presented by Jeff Walter
Financial: Jeff Walter receives compensation from MedBridge for this course. There is no financial interest beyond the production of this course. Non-Financial: Jeff Walter has no competing non-financial interests or relationships with regard to the content presented in this course.
Satisfactory completion requirements: All disciplines must complete learning assessments to be awarded credit, no minimum score required unless otherwise specified within the course.
Jeff Walter, PT, DPT, NCS
Jeff Walter, PT, DPT, NCS, is the Director of the Otolaryngology Vestibular and Balance Center, at Geisinger Medical Center in Danville, PA. His clinical practice focused on vestibular diagnostic testing and vestibular rehabilitation. He is an adjunct faculty member at Misericordia University, Department of Physical Therapy and a graduate of the University of Wisconsin, with…Read full bio
1. Introduction/Anatomy and Physiology of the Vestibular System
This chapter will focus on the semicircular canal and otolithic structure and function, including the vestibular system’s role in gaze stability and postural control. The content of this chapter will include a review of age-related changes in vestibular function, knowledge of vestibular system anatomy, and showcase why a knowledge of physiology is essential to patient management.
2. Critical Elements of History
A detailed history is a major determinant in discerning if vestibular rehabilitation is appropriate. This chapter will discuss essential dizziness-related questions to review during a patient interview. Common provocative factors and associated symptoms with various vestibular system disorder will be reviewed.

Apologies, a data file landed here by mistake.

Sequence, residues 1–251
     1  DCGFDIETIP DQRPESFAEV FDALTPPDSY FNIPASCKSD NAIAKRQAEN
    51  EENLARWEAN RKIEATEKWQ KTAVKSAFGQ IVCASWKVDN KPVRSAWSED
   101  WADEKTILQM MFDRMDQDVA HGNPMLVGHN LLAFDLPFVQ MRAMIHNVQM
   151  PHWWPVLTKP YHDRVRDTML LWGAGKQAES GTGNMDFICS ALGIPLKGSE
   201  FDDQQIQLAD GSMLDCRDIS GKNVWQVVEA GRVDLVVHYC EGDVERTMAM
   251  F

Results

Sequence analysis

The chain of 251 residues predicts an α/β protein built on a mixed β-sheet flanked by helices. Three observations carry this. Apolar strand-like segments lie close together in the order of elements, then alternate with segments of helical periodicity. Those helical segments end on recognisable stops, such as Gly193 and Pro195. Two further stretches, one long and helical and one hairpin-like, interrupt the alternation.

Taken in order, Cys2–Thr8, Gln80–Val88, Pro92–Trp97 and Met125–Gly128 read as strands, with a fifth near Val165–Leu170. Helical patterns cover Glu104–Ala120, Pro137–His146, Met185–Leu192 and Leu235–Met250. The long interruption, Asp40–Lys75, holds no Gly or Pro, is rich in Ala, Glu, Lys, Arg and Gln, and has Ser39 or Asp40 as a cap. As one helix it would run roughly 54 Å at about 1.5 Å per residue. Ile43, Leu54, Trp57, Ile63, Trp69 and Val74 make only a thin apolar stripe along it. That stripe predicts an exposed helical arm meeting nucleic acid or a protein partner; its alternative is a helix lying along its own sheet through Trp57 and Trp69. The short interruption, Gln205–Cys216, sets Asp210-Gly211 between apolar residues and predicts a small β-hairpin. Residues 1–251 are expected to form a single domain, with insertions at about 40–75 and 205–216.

3. Nystagmus Identification
Reliable identification of abnormal eye movements is essential to the differential diagnosis process and guiding intervention. This chapter will review common abnormal eye movements demonstrated by individuals with dizziness and discuss clinical significance.
4. Benign Paroxysmal Positional Vertigo (BPPV): Etiology, Testing, and Differential Diagnosis
BPPV is the most common cause of vestibular-related dizziness in the elderly. This chapter will review risk factors and etiology of BPPV, as well as modified positioning tests for individuals with mobility limitations.
5. Canalith Repositioning Maneuvers: Posterior and Horizontal Canal
There is a strong evidence base supporting the use of maneuvers to address BPPV. This chapter will demonstrate modified canalith repositioning maneuvers for individuals with mobility limitations.
6. Identification of Vestibular Hypofunction
Proper identification of vestibular hypofunction is essential to determine the appropriateness of vestibular rehabilitation. This chapter will review helpful bedside and office examination tests to investigate for peripheral loss.
7. Vestibular Rehabilitative Treatment of Vestibular Hypofunction
This chapter will demonstrate suggested gaze stabilization exercises to reduce head-motion-induced oscillopsia. It will also review balance exercises to promote improvement in postural control.
8. Indications for Medical/Surgical Management
This chapter will focus on recognition of disorders that affect the vestibular system but are not appropriate for vestibular rehabilitative therapy, as well as review various medical and surgical interventions that may reduce vestibular-related symptoms.
9. Question and Answer Session
This chapter is a question and answer session of viewer submitted questions. The question and answer session is facilitated by Jeff Walter.